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What does healthy dog poo look like?

Healthy dog poo – the unsavoury information you really need to know.

Here’s a brief insight into what’s right and not so fly in the poop department.

 

Kibble Poo

  1. Kibble Fed Dog Poo

Firstly, if your dog exists entirely on a diet of dried food or kibble, it will be receiving all it’s basic nutritional requirements.

However, if you’re feeding supermarket dog foods – you should be aware that much of that feed is made up of grain fillers – which are not required for dog’s digestion.

As a result, your dog will pass a LOT of large grogans as the fillers are expelled.

 

 

 

Raw Food Poo

 

2. Raw Fed Dog Poo

Dogs on raw fed diets generally have much smaller & more manageable poo. Raw fed dogs have 25 to 30% less stool volume than dogs fed processed pet food. This indicates a more efficient use of ingredients from a raw dog food diet.

On the raw diet you can expect chalky white stools which are consistently smaller in volume – as an added bonus they have almost no odour.

 

 

mucous-poo

 

3. Mucous-y Dog Poo

Mucous indicates an irritation or inflammation of the intestines which produce the mucus to protect the sensitive absorptive cells.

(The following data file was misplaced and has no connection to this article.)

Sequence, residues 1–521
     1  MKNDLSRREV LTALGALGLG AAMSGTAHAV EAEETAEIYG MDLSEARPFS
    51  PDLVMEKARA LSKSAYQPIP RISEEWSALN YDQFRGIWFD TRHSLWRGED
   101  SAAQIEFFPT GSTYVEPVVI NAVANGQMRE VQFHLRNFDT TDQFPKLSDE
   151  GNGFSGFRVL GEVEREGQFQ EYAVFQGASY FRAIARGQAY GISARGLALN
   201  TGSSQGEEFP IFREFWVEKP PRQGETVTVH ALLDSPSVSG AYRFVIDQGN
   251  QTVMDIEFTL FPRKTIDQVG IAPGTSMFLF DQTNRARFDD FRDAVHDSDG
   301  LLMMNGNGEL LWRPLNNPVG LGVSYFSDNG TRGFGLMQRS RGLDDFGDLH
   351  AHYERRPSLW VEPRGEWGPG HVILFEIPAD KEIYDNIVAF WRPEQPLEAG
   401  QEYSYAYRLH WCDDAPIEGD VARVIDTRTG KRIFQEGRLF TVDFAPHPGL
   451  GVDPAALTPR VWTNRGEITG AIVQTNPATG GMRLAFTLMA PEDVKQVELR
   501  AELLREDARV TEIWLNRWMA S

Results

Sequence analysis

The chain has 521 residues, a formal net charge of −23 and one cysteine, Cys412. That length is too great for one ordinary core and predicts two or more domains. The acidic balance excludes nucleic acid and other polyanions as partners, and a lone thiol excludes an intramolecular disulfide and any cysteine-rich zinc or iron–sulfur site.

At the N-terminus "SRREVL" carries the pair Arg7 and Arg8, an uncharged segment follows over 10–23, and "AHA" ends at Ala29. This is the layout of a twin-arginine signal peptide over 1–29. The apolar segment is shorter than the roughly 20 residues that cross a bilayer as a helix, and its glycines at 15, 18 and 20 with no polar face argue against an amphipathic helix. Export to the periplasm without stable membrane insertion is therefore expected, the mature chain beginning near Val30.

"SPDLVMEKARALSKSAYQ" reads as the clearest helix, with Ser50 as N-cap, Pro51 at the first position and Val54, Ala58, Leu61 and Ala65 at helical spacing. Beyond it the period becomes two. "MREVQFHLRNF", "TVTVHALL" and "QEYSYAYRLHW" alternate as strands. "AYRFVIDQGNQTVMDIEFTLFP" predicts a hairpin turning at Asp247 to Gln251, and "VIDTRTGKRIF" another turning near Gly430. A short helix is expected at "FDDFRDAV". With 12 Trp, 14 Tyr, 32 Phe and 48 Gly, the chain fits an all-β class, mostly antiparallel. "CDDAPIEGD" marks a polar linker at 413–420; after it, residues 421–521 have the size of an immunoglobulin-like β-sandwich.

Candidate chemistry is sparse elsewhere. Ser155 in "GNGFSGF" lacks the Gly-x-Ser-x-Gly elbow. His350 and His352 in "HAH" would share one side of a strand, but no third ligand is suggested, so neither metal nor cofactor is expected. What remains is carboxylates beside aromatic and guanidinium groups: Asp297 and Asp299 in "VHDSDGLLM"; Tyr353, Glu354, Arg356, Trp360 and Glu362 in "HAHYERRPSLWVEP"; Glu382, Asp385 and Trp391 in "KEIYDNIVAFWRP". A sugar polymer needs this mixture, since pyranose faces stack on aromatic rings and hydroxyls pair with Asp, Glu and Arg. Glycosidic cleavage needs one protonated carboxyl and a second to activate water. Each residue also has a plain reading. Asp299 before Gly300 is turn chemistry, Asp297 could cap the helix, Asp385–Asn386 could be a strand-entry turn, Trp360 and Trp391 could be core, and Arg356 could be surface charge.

Usually you don’t need to worry about a small amount of mucous but if you notice an excessive amount of mucus in your dog’s poo, or if it is accompanied with blood or a radical change in your dog’s bowel movements, seek immediate veterinary medical attention.

 

 

white-poo-1

4. White Dog Poo

For those of you who were around in the 70s and 80s – have you wondered where all the white dog poo has gone?

Dogs that eat foods which are high in minerals produce poo that turns light within 24 hours and breaks down quicker than brown poo. In addition, if a dog’s diet contains too much calcium or bones, freshly passed stools are often white and have a chalky texture.

In the 70s and 80s raw bones were more prominent in dogs diets – hence the reason we used to see a lot more of it around.

 

 

black-poo

 

5. Black Dog Poo

This generally indicates bleeding somewhere higher up in the dog’s intestinal tract, such as the stomach or small intestine.

Ulcers or bleeding from rat poison, heat stroke or an immune-mediated disease, can display as black, tarry stools.

Black dog poo requires an urgent trip to the vet.

 

 

Do you want to keep your dog as healthy as possible?

Check out this article on How to Identify Common Mineral Deficiencies in Dogs

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